Note: Brazilian elodea was discovered in Powderhorn Lake in the mid-2000's, but was chemically treated and has not been found within the MCWD since.
Appearance: Submersed aquatic plant. Perennial. Can be rooted or free floating.
Leaves: Bushy appearance. Leaves in whorls of 4 to 6. Leaf edges have very small serrations that require a magnifying glass to see.
Flowers: White flowers with 3 petals are on short stalks and are visible above water. Flowers are 0.7 to 1 inch wide.
Reproduction: Spreads by plant fragments. No female plants have been reported in the United States. Since all plants are male, no seeds are produced in the US.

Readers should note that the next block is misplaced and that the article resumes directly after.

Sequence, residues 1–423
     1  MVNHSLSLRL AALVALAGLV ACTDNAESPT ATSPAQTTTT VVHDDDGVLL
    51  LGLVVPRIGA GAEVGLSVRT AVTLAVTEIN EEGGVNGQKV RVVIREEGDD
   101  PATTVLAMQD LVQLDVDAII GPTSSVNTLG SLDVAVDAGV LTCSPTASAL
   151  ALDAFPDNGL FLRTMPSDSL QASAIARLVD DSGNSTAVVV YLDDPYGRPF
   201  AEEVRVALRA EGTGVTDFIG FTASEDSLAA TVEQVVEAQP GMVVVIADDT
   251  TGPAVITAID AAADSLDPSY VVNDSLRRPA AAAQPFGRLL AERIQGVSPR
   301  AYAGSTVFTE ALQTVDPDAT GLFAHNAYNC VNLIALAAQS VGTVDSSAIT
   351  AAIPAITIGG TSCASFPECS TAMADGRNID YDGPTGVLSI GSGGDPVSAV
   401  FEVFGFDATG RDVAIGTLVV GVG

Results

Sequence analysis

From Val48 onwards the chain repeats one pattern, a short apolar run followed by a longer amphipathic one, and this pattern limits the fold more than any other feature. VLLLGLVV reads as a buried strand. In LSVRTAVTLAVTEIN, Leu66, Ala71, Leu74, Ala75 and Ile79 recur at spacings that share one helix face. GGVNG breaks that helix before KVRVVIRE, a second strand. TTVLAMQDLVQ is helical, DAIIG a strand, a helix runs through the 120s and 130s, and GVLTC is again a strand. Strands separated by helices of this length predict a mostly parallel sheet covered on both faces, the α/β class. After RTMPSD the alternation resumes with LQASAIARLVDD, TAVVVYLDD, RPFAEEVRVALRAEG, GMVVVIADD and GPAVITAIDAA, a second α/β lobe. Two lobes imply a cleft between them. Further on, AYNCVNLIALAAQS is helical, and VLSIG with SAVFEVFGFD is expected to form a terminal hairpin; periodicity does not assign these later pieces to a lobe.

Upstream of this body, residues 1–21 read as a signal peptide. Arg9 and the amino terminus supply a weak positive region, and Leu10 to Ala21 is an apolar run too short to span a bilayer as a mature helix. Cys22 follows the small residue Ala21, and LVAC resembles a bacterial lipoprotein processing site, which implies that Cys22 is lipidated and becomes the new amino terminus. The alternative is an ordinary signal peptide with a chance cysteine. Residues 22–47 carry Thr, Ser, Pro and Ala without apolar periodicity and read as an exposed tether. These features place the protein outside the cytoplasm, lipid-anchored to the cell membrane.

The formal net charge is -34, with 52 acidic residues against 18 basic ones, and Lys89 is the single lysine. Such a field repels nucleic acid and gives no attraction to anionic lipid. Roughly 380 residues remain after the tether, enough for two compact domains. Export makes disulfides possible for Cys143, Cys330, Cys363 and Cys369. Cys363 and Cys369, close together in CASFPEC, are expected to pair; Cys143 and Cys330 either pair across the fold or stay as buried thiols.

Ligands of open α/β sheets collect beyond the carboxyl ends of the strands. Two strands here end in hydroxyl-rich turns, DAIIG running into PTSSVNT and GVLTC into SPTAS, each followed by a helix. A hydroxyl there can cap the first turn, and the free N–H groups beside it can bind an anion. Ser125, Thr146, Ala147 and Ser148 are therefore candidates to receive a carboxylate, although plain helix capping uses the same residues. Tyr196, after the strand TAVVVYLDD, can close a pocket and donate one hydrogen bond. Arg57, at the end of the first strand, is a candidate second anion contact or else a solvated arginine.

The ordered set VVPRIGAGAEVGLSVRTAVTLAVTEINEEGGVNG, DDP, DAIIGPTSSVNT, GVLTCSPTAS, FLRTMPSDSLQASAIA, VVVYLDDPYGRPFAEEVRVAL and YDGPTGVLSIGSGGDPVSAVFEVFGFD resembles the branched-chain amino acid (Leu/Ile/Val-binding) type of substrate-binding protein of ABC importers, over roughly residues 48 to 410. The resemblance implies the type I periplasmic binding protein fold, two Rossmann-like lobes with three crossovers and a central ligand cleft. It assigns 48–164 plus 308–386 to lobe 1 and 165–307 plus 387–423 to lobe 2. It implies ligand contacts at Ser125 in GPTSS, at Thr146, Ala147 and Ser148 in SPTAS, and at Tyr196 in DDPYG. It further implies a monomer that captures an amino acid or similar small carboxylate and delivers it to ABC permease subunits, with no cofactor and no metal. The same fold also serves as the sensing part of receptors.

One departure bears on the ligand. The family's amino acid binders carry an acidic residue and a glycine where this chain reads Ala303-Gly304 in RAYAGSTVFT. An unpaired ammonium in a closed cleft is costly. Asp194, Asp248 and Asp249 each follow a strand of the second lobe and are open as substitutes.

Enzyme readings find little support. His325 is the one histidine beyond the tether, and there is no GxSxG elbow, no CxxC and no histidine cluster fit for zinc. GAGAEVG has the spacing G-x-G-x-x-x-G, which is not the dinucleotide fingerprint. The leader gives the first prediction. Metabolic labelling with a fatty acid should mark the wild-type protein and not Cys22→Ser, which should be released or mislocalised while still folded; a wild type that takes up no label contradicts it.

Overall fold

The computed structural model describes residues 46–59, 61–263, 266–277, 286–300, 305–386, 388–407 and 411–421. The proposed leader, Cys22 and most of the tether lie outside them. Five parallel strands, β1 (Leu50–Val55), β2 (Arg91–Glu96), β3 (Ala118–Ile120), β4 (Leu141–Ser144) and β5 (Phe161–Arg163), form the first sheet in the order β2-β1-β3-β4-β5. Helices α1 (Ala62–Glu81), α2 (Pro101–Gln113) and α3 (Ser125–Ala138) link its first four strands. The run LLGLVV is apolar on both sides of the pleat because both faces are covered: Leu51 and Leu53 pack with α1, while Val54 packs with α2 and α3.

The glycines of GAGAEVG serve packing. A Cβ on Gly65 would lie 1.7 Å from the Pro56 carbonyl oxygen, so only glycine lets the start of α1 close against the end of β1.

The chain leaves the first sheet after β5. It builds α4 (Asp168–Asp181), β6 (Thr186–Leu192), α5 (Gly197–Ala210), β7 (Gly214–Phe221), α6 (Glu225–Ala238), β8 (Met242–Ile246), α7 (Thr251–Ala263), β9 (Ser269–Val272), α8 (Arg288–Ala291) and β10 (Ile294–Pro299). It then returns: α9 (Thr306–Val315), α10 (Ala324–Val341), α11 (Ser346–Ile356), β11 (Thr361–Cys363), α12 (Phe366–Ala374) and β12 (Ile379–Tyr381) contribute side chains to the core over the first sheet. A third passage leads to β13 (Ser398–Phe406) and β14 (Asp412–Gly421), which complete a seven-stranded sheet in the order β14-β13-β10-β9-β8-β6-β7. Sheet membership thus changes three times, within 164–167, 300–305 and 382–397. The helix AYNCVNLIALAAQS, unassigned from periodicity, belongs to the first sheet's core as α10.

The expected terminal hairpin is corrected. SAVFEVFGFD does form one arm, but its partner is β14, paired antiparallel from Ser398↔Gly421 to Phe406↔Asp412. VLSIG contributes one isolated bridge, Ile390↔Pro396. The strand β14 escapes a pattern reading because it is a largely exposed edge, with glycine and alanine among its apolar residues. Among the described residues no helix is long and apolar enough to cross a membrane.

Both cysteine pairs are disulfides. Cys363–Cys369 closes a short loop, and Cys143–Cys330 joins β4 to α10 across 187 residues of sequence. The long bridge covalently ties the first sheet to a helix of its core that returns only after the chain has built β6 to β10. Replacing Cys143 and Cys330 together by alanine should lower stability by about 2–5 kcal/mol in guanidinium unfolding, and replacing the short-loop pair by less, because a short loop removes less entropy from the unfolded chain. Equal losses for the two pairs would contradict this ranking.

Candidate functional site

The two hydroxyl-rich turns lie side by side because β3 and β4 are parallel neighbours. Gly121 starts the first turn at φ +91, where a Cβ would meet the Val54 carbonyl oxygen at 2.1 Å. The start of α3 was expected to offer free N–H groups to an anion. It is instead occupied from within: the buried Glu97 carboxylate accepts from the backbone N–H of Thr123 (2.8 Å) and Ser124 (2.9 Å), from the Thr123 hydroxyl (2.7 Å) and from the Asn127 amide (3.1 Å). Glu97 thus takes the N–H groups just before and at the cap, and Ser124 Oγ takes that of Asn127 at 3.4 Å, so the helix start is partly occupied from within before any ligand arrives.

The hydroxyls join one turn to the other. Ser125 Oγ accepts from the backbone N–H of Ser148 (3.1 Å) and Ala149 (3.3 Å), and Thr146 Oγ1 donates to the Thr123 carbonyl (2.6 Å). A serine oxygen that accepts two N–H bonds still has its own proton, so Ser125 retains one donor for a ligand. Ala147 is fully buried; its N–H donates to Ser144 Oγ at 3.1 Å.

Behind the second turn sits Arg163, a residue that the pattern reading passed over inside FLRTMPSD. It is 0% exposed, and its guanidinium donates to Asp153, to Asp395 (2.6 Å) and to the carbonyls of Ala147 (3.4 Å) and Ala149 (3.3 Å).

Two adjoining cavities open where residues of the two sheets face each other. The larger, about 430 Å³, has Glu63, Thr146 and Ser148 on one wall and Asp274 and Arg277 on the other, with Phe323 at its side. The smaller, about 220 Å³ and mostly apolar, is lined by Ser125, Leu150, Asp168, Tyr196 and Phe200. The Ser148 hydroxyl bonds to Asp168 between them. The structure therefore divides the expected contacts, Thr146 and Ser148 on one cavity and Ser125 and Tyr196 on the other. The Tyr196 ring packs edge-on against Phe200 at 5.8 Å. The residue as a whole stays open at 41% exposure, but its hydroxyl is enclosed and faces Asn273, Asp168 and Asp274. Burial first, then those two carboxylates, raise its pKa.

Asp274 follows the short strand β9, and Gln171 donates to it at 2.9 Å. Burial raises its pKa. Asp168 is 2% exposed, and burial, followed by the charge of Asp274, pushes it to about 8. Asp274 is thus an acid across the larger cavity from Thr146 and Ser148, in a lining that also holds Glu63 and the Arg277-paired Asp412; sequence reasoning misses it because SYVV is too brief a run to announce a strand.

Note on identification: Brazilian elodea can be easily confused with native Canada waterweed.
- Brazilian elodea usually has four leaves per whorl (arranged around the stem) and each leaf is at least 2 cm long.
- Canada waterweed generally has three leaves per whorl and each leaf is usually less than 1 cm long.
See the DNR's reporting invasive aquatic plants webpage if you are unsure of identification or wish to report a new location of Brazilian elodea.
- Brazilian elodea fact sheet (Indiana DNR)
- Brazilian elodea information (Wisconsin DNR)
- Brazilian elodea/waterweed is an early detection species in the Midwest (Midwest Invasive Plant Network)
- Technical information (State of Washington)
- Additional photos (King County, Washington)
(Information provided by the Minnesota Department of Natural Resources).